7. What is your position on the school bond that was proposed but then not included on the ballot this fall?

    In my opinion it was a farce. They were right in not presenting it for one school. It would not pass. But, why even put a proposal together for one school. It was a waste of time, money and effort. Get accurate estimates on a comprehensive capital improvement and facility need program and present that to the Commissioners. If that total is hampered by the county debt ratio then have a contingency of prioritized needs that benefit each area of the county in some way. When this board began their town meetings on a bond a few years back the first totals were "between 30 and 60 million". Then we heard 100 million. A constituent I spoke to over the weekend heard 75 million. The proposal ended up being 45 million for one school (which that total was artificially inflated in my opinion). They were all over the map, looked very unorganized and then they bailed on the proposal when they thought, rightfully so it wouldn't pass. The new Board will have to quickly have a real proposal, with alternates in place for the bond to ever get off the ground.

    8. Please state briefly your personal code of ethics, with regard to its application as an elected official, including conflicts of interest, personal loans and campaign finance. Do you believe Chatham County's government currently suffers from ethical conflicts? Please explain.

    My personal code of ethics is very simple. Tell the truth, work hard and understand you do not have all the answers. But when you don't have the answers you go find them. One place I don't have all the answers is campaign finance. There are so many rules and regulations I hope the ones who wrote them got it right. Personal loans are legal if reported and repaid correctly so I do not have a problem with that nor any other legally approached means of fundraising. If an elected official is in a position where a conflict of interest arises they should simply recuse themselves from votes where the conflict is present.

    9. The Independent's mission is to help build a just community in the Triangle. How would your election to office help further that goal?

    That would depend on what your definition of "just" is compared to mine. When I decided to run for School Board, My father, Buddy Harris (retired Principal, JS Waters Elem. With time at Moncure and Chatham Central) gave me a great piece of advice. He said, "Son, always remember that numbers do not necessitate needs." And he meant that in both extremes. A student at Northwood has the same educational needs as a child at Bennett. Moncure's children have the same needs as North Chatham. If "just" means making every dollar work for every child then that is what you will get from me. I will be elected as an advocate for the students and parents. I will be the duly elected citizen management of the County School's employees. If there is an administrator using the school system and presenting nonessential programs that simply justify their own existence...they will have a huge problem on their hands with my election. In contrast, where there are employees and administrators truly and effectively pushing our students, employees and schools to our goals and beyond they will be held as public examples of the good in our schools.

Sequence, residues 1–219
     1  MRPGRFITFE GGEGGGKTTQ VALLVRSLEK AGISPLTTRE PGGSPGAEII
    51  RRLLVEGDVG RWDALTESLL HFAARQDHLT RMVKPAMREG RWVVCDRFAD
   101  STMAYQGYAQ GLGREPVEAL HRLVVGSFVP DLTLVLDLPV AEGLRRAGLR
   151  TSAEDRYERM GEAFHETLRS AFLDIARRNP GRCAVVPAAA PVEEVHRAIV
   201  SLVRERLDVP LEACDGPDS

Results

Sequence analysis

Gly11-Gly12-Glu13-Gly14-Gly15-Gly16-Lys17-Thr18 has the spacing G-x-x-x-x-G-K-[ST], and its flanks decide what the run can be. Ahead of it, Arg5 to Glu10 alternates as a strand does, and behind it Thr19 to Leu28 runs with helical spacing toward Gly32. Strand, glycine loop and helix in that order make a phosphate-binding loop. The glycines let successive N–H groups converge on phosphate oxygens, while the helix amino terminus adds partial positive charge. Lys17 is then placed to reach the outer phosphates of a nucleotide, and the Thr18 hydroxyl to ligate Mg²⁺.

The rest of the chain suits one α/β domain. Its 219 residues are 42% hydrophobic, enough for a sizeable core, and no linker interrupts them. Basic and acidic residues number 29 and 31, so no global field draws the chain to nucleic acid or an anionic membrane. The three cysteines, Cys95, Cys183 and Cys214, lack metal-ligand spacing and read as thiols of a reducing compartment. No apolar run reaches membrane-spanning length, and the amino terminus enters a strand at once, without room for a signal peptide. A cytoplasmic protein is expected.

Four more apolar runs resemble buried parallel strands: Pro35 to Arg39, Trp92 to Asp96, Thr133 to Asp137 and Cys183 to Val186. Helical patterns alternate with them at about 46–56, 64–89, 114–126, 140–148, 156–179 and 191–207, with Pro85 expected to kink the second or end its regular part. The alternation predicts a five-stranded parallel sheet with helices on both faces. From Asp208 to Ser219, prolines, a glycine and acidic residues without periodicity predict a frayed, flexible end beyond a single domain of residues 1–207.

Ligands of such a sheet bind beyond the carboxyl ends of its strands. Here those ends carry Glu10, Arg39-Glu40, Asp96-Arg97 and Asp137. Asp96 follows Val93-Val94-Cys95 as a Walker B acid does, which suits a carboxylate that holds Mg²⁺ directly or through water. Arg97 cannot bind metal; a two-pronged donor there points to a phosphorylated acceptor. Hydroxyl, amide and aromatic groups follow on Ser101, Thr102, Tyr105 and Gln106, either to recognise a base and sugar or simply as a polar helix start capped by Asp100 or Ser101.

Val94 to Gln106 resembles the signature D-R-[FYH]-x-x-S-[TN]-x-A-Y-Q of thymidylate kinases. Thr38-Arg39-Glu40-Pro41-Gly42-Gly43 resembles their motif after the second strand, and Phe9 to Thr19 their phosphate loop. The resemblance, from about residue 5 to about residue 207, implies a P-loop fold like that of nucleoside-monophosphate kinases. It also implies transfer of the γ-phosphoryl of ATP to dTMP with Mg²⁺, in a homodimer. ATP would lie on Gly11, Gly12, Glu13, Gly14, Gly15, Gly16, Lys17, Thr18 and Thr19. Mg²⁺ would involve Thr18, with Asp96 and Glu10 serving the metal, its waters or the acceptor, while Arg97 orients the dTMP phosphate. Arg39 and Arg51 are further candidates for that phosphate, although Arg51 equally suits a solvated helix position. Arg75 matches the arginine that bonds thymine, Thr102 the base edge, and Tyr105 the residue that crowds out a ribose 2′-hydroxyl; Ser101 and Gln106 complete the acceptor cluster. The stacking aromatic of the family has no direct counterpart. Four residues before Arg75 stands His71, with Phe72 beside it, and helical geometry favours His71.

click to enlarge KathieRussell.jpg

    KATHIE RUSSELL
    Date of Birth: February 3, 1963
    Campaign Web Site: www.russellforresults.com (under construction)
    Occupation & Employer: attorney, Russell, Pressley & Demidovich, P.C.
    Years Lived in Chatham County: 11

    1. Why are you seeking the office of Chatham County School Board member?

    I have three children that will be attending Chatham County Schools for many years. I care deeply about the schools and the quality of education for all children of Chatham County.

    2. If elected, what is your one top priority for the Chatham County school system? What specific steps would you take to accomplish this goal?

    My top priority would be to improve education for all students so that Chatham County Schools can prepare our children to become happy, productive citizens for the 21st century. Chatham County must attract industry that offers good jobs that pays top wages. In order to attract the right kind of industry, we must have an employee base that is educated and capable of filling these kinds of positions. By assuring our children get this kind of education, we will encourage the brightest students to stay in, rather than leave, Chatham County. Conversely, by having a talented worker base we will be better able to attract the very kind of industry that will keep our brightest students in the county, enabling the entire county to thrive.